Infertility pp 101-114 | Cite as

Sperm Preservation: Fundamental Cryobiology and Practical Implications

  • P. F. Watson
  • J. K. Critser
  • P. Mazur


Human spermatozoa were first frozen successfully almost 40 years ago [1]. Although developments in dilution media, packaging and storing have occurred in the intervening period, little is known specifically about the effects of freezing and thawing on spermatozoa. This is largely due to the fact that a sufficient number of cells survive the challenge to give a reasonable expectation of fertilisation; but the shift to the exclusive use of cryopreserved semen for donor insemination, occasioned by the awareness of the risks particularly of AIDS transmission [2–4], has resulted in a renewed critical interest in the process of cryopreservation. This review will cover the more significant contributions over the past few years, and develop an argument for a sustained fundamental approach to sperm cryobiology.


Acquire Immune Deficiency Syndrome Artificial Insemination Human Spermatozoon Acrosome Reaction Fresh Spermatozoon 
These keywords were added by machine and not by the authors. This process is experimental and the keywords may be updated as the learning algorithm improves.


Unable to display preview. Download preview PDF.

Unable to display preview. Download preview PDF.


  1. 1.
    Bunge RG, Keettel W, Sherman J. Clinical use of frozen semen, report of 4 cases. Fert Steril 1954; 5: 520–9.Google Scholar
  2. 2.
    Stewart G, Tyler JPP, Cunningham AL, Barr JA, Driscoll GL, Gold J, Lamont BJ. Transmission of human T-cell lymphotropic virus type III (HTLV-III) by artificial insemination by donor. Lancet 1985; ii:581–4.Google Scholar
  3. 3.
    DHSS. Acquired immune deficiency syndrome (AIDS) and artificial insemination — guidance for doctors and AI clinics. London: Department of Health and Social Security, 1986.Google Scholar
  4. 4.
    American Fertility Society. New guidelines for the use of semen donor insemination: 1990. Fert Steril 1990; 53 (Suppl 1): 1S - 13S.Google Scholar
  5. 5.
    Mazur P. Freezing of living cells: mechanisms and implications. Am J Physiol 1984; 247: C125 — C142.PubMedGoogle Scholar
  6. 6.
    Critser JK, Kleinhans FW, Mazur P. Cryopreservation of human sperm. Cryobiology 1991; 28: 525–6.Google Scholar
  7. 7.
    Duncan AE, Watson PF. Predictive water loss curves for ram spermatozoa during cryopreservation: comparison with experimental observations. Cryobiology 1992; 29: 95–105.PubMedCrossRefGoogle Scholar
  8. 8.
    Watson PF, Kunze E, Cramer P, Hammerstedt RH. A comparison of critical osmolality, hydraulic conductivity and its activation energy in fowl and bull spermatozoa. J Androl 1992; (in press).Google Scholar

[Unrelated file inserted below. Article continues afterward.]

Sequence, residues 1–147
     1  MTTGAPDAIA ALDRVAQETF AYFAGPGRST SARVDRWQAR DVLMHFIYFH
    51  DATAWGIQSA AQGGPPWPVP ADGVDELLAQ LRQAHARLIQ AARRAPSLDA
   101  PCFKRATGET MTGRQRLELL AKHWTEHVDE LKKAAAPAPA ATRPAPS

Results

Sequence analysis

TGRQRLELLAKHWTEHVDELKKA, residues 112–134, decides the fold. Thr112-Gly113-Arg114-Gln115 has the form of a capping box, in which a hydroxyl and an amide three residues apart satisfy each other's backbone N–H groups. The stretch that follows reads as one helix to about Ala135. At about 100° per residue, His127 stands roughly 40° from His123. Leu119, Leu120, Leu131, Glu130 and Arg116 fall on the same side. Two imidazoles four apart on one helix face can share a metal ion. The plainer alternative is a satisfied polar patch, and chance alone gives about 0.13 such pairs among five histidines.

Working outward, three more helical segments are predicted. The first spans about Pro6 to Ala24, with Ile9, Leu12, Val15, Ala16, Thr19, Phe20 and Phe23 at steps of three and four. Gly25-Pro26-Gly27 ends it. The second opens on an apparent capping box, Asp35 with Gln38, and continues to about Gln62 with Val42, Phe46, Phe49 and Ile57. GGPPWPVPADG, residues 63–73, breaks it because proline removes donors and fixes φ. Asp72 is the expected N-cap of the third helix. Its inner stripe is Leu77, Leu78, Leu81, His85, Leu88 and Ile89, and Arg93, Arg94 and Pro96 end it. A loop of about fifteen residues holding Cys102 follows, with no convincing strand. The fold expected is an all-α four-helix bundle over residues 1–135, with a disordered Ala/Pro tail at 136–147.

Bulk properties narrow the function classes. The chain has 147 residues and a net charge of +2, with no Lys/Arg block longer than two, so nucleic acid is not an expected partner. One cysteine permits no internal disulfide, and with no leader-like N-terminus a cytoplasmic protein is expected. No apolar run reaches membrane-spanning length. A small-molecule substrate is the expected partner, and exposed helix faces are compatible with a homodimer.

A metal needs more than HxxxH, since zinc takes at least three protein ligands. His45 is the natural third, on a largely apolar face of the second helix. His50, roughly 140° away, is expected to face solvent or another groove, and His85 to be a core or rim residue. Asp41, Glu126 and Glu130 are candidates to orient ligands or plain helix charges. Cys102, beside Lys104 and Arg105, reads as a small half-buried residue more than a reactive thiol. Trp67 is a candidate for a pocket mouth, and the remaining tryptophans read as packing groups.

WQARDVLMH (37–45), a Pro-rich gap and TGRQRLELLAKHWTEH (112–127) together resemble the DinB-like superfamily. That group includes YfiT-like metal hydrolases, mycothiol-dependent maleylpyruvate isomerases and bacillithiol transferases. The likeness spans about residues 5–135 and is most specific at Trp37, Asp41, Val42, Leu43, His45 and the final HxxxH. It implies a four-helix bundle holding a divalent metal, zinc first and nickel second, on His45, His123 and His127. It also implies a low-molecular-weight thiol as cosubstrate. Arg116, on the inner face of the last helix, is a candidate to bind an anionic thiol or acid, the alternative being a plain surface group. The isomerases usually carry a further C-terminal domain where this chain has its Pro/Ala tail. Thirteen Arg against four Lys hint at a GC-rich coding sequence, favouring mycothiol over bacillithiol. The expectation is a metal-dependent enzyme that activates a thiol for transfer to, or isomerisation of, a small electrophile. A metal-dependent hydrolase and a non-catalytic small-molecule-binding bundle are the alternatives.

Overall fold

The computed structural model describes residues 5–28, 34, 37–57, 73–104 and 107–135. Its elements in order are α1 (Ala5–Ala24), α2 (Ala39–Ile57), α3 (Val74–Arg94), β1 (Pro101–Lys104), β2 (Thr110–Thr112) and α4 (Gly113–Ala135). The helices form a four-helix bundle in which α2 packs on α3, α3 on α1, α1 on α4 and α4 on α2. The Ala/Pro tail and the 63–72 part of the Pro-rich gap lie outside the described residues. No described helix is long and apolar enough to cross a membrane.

9. 9.
    Nodes EE, Mazur P, Boldt HD, Kleinhans FW, Critser JK. Hydraulic conductivity (Le) and its activation energy (E a ) in human sperm. J Androl 1992 (Suppl): P-30.Google Scholar
  10. 10.
    Dick DAT. Cell water. Washington DC: Butterworths, 1966.Google Scholar
  11. 11.
    Nodes EE, Ruffing NA, Kleinhans FW et al. Critical tonicity determination of sperm using dual fluorescent staining and flow cytometry. In: Johnson LA, Rath D, eds. Boar semen preservation II. Berlin, Hamburg: Paul Parey Scientific Publishers, 1991; 359–64.Google Scholar
  12. 12.
    Rall WF, Mazur P, McGrath JJ. Depression of the ice-nucleation temperature of rapidly cooled mouse embryos by glycerol and dimethyl sulfoxide. Biophys J 1983; 41: 1–12.PubMedCrossRefGoogle Scholar
  13. 13.
    Ford WCL, Harrison A. D-[1–14C]mannitol and [U-14C]sucrose as extracellular space markers for human spermatozoa and the uptake of 2-deoxyglucose. J Reprod Fertil 1983; 69: 479–87.PubMedCrossRefGoogle Scholar
  14. 14.
    Laufer N, Segal S, Yaffe H, Svartz H, Grover NB. Volume and shape of normal human spermatozoa. Fertil Steril 1977; 28: 456–8.PubMedGoogle Scholar
  15. 15.
    Jeyendran RS, Karuhn RF, Van der Ven HH, Perez-Pelaez M. Volumetric analysis of human spermatozoa. Andrologia 1987; 19: 54–7.PubMedCrossRefGoogle Scholar
  16. 16.
    Weidel L, Prins GS. Cryosurvival of human spermatozoa frozen in eight different buffer systems. J Androl 1987; 8: 41–7.PubMedGoogle Scholar
  17. 17.
    Mahadevan M, Trounson AO. Effects of cryoprotective media and dilution methods on the preservation of human spermatozoa. Andrologia 1983; 15: 355–66.PubMedCrossRefGoogle Scholar
  18. 18.
    Watson PF. Artificial insemination and the preservation of semen. In: Lamming GE, ed. Marshall’s physiology of reproduction. Edinburgh: Churchill Livingstone, 1990; 747–869.Google Scholar
  19. 19.
    Sherman JK. Current status of clinical cryobanking of human semen. In: Paulson JD, Negro-Vilar A, Lucena E, Martini L, eds. Andrology: male fertility and sterility. Orlando: Academic Press, 1986; 517–47.Google Scholar
  20. 20.
    Watson PF. The preservation of semen in mammals. In: Finn CA, ed. Oxford reviews of reproductive biology. Oxford: Oxford University Press, 1979; 283–350.Google Scholar